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I'm working on a web service that fetches data from an oracle data source in chunks and passes it back to an indexing/search tool in XML format. I'm the C#/.NET guy, and am kind of fuzzy on parts of Oracle.

Our Oracle team gave us the following script to run, and it works well:

SELECT ROWID, [columns]
FROM [table]
WHERE ROWID IN (
    SELECT ROWID
    FROM (
        SELECT ROWID
        FROM [table]
        WHERE ROWID > '[previous_batch_last_rowid]'
        ORDER BY ROWID
    )
    WHERE ROWNUM <= 10000
)
ORDER BY ROWID

10,000 rows is an arbitrary but reasonable chunk size and ROWID is sufficiently unique for our purposes to use as a UID since each indexing run hits only one table at a time. Bracketed values are filled in programmatically by the web service.

Now we're going to start adding views to the indexing, each of which will union a few separate tables. Since ROWID would no longer function as a unique identifier, they added a column to the views (VIEW_UNIQUE_ID) that concatenates the ROWIDs from the component tables to construct a UID for each union.

But this script does not work, even though it follows the same form as the previous one:

SELECT VIEW_UNIQUE_ID, [columns]
FROM [view]
WHERE VIEW_UNIQUE_ID IN (
    SELECT VIEW_UNIQUE_ID
    FROM (
        SELECT VIEW_UNIQUE_ID
        FROM [view]
        WHERE VIEW_UNIQUE_ID > '[previous_batch_last_view_unique_id]'
        ORDER BY VIEW_UNIQUE_ID
    )
    WHERE ROWNUM <= 10000
)
ORDER BY VIEW_UNIQUE_ID

It hangs indefinitely with no response from the Oracle server. I've waited 20+ minutes and the SQLTools dialog box indicating a running query remains the same, with no progress or updates.

I've tested each subquery independently and each works fine and takes a very short amount of time (<= 1 second), so the view itself is sound. But as soon as the inner two SELECT queries are added with "WHERE VIEW_UNIQUE_ID IN...", it hangs.

Why doesn't this query work for views? In what important way are they not interchangeable here?

Updated: the architecture of the solution stipulates that it is to be stateless, so I shouldn't try to make the web service preserve any index state information between requests from consumers.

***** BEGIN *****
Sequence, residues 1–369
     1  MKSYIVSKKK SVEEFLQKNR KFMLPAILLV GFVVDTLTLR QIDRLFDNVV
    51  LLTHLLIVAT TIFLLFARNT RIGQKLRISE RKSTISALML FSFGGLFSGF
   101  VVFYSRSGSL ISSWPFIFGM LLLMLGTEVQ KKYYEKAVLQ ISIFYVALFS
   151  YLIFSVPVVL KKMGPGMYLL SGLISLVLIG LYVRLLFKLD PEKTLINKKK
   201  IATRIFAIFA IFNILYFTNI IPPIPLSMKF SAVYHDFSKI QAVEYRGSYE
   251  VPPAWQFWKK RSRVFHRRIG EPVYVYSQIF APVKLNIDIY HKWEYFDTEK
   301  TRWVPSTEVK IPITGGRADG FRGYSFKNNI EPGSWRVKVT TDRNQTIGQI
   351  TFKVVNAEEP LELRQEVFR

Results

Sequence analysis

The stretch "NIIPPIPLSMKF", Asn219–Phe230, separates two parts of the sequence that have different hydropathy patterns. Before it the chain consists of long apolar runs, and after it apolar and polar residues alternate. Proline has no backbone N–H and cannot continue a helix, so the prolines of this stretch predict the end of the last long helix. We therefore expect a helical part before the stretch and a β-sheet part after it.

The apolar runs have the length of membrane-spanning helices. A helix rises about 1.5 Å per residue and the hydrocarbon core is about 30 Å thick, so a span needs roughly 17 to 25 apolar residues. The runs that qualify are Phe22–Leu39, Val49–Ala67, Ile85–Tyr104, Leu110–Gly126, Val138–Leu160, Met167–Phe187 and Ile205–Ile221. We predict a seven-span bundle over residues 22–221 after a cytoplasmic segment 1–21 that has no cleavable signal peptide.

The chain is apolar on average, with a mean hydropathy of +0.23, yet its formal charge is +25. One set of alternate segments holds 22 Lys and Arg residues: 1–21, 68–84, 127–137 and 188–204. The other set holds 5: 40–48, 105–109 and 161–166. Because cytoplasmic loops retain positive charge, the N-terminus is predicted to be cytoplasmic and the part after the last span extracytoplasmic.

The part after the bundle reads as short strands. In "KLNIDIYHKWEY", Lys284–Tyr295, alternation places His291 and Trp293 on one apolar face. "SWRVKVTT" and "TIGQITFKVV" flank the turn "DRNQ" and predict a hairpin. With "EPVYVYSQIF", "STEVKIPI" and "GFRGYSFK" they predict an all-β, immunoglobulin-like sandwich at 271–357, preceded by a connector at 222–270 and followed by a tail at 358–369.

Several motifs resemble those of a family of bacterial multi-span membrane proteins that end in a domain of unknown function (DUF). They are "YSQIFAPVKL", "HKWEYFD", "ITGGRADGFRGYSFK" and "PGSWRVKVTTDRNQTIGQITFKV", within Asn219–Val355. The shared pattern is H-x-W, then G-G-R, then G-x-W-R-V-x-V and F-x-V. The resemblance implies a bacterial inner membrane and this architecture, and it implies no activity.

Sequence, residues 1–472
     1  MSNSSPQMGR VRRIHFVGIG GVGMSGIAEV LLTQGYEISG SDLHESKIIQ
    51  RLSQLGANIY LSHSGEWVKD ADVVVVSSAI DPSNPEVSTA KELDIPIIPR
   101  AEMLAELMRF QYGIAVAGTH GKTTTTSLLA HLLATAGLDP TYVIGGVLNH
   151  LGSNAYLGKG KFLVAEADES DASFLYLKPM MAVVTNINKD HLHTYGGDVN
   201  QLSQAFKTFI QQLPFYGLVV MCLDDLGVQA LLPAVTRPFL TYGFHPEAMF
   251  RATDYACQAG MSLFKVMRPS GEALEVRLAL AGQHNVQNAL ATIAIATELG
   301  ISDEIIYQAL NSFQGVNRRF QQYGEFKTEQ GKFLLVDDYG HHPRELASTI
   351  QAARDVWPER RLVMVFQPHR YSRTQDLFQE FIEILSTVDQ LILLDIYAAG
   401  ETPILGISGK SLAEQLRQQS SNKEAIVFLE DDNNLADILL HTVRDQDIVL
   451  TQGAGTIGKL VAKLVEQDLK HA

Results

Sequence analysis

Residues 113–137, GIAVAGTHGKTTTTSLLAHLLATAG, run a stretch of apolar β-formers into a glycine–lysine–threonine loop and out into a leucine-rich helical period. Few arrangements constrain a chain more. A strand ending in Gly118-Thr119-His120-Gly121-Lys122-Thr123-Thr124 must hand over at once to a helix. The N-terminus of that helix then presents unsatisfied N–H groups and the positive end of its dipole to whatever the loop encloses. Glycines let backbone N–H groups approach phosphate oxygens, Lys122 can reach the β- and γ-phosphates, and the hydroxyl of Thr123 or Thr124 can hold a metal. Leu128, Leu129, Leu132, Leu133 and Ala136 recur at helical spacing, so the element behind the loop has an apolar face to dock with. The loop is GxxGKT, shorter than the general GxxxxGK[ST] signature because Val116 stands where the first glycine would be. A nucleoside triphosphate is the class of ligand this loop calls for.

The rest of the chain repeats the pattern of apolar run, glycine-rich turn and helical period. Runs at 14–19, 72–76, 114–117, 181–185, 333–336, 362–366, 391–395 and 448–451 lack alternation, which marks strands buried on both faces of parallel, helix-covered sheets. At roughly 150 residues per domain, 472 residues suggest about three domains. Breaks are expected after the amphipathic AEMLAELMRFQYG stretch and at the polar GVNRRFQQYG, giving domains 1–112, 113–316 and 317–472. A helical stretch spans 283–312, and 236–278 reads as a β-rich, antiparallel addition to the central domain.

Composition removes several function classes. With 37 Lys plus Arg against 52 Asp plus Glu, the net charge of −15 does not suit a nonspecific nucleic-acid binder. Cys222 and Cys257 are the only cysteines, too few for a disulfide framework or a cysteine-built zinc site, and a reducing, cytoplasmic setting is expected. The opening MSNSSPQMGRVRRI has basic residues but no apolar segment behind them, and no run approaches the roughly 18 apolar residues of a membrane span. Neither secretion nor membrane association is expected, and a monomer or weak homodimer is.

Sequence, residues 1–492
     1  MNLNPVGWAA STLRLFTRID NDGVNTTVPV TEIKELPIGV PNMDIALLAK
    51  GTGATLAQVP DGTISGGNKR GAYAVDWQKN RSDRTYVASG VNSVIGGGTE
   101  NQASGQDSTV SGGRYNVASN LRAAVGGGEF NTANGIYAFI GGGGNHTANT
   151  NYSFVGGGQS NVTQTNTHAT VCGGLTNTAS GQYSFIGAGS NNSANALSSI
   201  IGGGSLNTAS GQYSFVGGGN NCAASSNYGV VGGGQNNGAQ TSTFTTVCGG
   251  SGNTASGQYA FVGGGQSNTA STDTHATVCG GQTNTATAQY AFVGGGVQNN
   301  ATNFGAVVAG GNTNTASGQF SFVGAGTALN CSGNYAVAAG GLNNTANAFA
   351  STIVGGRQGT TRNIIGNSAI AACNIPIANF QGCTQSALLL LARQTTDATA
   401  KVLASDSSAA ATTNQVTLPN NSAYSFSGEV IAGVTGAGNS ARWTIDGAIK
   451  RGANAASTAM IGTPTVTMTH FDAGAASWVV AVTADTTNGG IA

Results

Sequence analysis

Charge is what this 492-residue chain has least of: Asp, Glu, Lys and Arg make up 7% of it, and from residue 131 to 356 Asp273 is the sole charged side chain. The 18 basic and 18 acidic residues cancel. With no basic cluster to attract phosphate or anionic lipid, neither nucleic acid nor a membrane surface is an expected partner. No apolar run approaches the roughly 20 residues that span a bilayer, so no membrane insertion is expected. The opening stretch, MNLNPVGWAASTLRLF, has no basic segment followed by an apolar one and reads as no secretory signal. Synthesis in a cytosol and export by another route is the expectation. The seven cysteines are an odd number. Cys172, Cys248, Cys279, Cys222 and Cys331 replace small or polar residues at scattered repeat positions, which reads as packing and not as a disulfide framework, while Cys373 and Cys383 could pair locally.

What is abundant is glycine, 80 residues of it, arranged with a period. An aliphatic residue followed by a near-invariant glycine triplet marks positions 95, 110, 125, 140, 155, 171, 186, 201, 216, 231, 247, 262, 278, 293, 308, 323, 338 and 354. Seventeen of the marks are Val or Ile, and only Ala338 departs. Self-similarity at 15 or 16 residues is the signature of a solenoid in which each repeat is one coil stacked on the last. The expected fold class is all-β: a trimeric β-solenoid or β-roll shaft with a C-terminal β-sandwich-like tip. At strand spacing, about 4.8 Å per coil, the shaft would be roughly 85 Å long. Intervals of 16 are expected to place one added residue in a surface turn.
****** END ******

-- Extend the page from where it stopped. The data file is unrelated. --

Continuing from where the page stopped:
share|improve this question
    
Is the WHERE ROWID > in the real query, or has been introduced in the example? Assuming it is valid, can you run the query directly on the DB, and get the execution plan? I'd suspect the number of rows returned by the subquery is causing the optimiser to join the tables in the view differently, so you could experiment with much lower ROWNUM values and see if it works at all then. But without the plan that's a wild guess. –  Alex Poole Apr 24 '10 at 0:07
    
That was a typo... fixed now. Thanks Alex. –  Calvin Fisher Apr 26 '10 at 12:59

2 Answers 2

up vote 3 down vote accepted

they added a column to the views (VIEW_UNIQUE_ID) that concatenates the ROWIDs from the component tables to construct a UID for each union.

God, that is the most obscene idea I've seen in a long time. Let's say the view is a simple one like

SELECT C.CUST_ID, C.CUST_NAME, O.ORDER_ID, C.ROWID||':'||O.ROWID VIEW_UNIQUE_ID
FROM CUSTOMER C JOIN ORDER O ON C.CUST_ID = O.CUST_ID

Every time you want to do the

SELECT VIEW_UNIQUE_ID
FROM [view]
WHERE VIEW_UNIQUE_ID > '[previous_batch_last_view_unique_id]'
ORDER BY VIEW_UNIQUE_ID

It has to build that entire result set, apply the filter, and order it. For anything other than trivially sized tables, that will be a nightmare.

Stop using the database to paginate/chunk the data here and do that in the client. Open the database connection, execute the query, fetch the first ten thousand rows from the query, index them, fetch the next ten thousand. Don't close and reopen the query each time, only after you've processed each row. You'll be able to forget about ordering.

share|improve this answer
    
Unfortunately, the architecture of the system specifically stipulates that it's supposed to be stateless. (Edited post to say so explicitly.) –  Calvin Fisher Apr 26 '10 at 13:07

For stateless, you need to re-architect. The whole thing with concatenated ROWIDs will not fly.

Start by putting the records to be processed into a fresh table, then you can flag them/process them/delete them in chunks.

INSERT INTO pending_table
SELECT 'N' state_flag, v.* FROM view v;

<start looping here>

UPDATE pending_table
SET state_flag = 'P'
WHERE ROWNUM < 10000;

COMMIT;

SELECT * FROM pending_table
WHERE state_flag = 'P';

<client processing>

DELETE FROM pending_table
WHERE state_flag = 'P';

<go back to start of loop, and keep going until pending_table is empty>
share|improve this answer
    
Actually, it's working fine now. Apparently, they made some mistake in the view command and that was causing the whole thing. Performance isn't even noticeably different from querying a real table. Thanks for your help though! –  Calvin Fisher Apr 27 '10 at 16:37
    
Their description sounds like what you said: "It was logical view of the data... converted it to a materialized view..." –  Calvin Fisher Apr 27 '10 at 16:50

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